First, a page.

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Why Do We Walk in Circles?

A group of researchers conducted an experiment to confirm the common belief that people walk in circles when they are lost. Let’s talk about the results and the reason why people walk around in circles.

According to a study conducted by researchers at the Max Planck Institute for Biological Cybernetics in Germany, humans will walk in circles when they are lost unless there is some external reference point that would interfere.

How Did the Study Begin?

The idea for the research came from a German science show Kopfball. In the show, they try to answer their viewers’ questions. The producer of the show contacted Jan Souman. He is a psychologist from the Max Planck Institute for Biological Cybernetics located in Tübingen, Germany. Souman and his colleagues studied perception and action to confirm the common belief about walking in circles.

We didn’t really know, but we thought it was an interesting question.

Jan Souman, Max Planck Institute for Biological Cybernetics

Souman and his team collaborated with the show, and their episode was aired in 2007. (Source: Science)

How was the Study Conducted?

In one experiment, there were 15 volunteers. They were blindfolded and fitted with GPS receivers. They were instructed to walk in a straight line across a rather large field. Most of the volunteers followed the instructions but occasionally walked in circles as small as 20 meters in diameter. According to this previous research, walking in circles may have resulted from subtle differences in the length or strength of the volunteers’ legs that would bias an individual to move toward the left or right.

In Souman’s experiment, most of the volunteers did not show any strong bias toward the direction of their turns. However, the volunteers did have small differences in the strength of their left or right legs. This did not correlate with their turning tendencies. (Source: Science)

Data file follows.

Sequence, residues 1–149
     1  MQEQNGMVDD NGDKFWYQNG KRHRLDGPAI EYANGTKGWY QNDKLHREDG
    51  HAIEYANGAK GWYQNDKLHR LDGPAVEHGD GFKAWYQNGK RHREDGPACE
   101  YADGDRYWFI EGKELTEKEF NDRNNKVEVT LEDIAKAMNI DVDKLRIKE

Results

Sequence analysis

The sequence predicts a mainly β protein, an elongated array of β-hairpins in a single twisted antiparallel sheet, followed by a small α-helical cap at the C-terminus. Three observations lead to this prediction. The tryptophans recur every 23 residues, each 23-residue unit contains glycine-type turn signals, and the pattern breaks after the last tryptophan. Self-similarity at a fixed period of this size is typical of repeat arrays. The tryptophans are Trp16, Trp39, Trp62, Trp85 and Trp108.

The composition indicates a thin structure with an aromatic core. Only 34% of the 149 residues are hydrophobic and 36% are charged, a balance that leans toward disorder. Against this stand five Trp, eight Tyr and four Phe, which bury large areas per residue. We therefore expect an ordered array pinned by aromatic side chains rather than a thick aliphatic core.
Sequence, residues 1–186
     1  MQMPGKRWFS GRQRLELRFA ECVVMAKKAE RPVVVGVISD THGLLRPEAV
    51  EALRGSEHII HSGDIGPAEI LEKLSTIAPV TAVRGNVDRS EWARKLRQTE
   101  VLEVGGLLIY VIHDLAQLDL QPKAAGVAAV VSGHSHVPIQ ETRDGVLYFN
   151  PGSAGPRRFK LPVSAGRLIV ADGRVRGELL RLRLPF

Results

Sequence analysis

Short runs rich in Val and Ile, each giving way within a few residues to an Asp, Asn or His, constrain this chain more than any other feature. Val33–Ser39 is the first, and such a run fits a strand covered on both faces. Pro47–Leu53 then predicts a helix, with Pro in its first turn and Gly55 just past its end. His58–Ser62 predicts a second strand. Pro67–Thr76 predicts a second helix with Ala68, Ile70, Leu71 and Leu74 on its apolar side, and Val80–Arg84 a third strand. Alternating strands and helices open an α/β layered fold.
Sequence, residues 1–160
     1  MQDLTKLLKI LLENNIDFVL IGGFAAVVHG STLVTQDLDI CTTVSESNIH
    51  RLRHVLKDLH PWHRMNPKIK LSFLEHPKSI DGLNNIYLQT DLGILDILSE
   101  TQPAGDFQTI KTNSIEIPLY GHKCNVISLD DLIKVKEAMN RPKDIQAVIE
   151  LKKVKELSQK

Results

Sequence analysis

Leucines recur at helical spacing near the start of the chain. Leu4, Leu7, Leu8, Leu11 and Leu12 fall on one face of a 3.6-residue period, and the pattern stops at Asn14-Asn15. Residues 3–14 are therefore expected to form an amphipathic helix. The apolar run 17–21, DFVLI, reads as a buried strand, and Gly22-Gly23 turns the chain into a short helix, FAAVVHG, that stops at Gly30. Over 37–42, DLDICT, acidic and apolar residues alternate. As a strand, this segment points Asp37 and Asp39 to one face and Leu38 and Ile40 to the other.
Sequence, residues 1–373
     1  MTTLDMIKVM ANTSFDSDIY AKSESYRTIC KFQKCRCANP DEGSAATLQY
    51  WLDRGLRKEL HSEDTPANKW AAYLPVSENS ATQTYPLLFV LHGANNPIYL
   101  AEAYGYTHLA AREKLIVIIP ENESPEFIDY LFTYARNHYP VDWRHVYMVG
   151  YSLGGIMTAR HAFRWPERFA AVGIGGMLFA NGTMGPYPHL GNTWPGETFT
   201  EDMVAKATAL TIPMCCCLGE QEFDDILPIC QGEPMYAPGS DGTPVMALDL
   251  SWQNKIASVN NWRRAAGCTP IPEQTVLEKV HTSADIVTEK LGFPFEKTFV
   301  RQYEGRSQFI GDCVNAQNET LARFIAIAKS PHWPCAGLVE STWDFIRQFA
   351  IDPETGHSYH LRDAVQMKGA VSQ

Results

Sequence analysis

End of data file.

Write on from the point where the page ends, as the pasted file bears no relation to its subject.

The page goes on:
What were the Results of Souman’s Study?

The findings suggest that there is a real reason people end up walking in circles, according to the study conducted by Souman and his team, which highly involves the brain. When people cannot see where they are going, the brain has to plot a course to go straight ahead based on the limited information it has acquired. This includes the input from the vestibular system, which informs the sense of balance and movement in muscles and joints.

All those signals have very small errors. In general, that leads people in a random, meandering path, Souman says. But occasionally, the errors in a particular direction build up, leading us to walk in circles.

Jan Souman, Max Planck Institute for Biological Cybernetics

A psychologist from Carnegie Mellon University in Pittsburgh, Pennsylvania, Roberta Klatzky, called the proposed explanation extremely simple and elegant.

Previous studies, dating back to the 1920s, have found that people tend to veer from a straight path when they’re unable to see, she says, but in pre-GPS days, researchers weren’t able to track people long and far enough to see them walk in complete circles.

Roberta Klatzky, Carnegie Mellon University

When people can see where they are going, that is a different story. Souman and his team also tracked the movement of the volunteers who walked without a blindfold in unfamiliar environments; a forest in Germany and the Sahara desert in Tunisia. The people in the forest walked in circles, only on cloudy days. When the sun was high and visible, they walked in a straight line for hours. This was the same with the sunny environment.

Visual cues such as the sun or the shadows it casts enable people to overcome the tendency to walk in circles.

Jan Souman, Max Planck Institute for Biological Cybernetics

(Source: Science)

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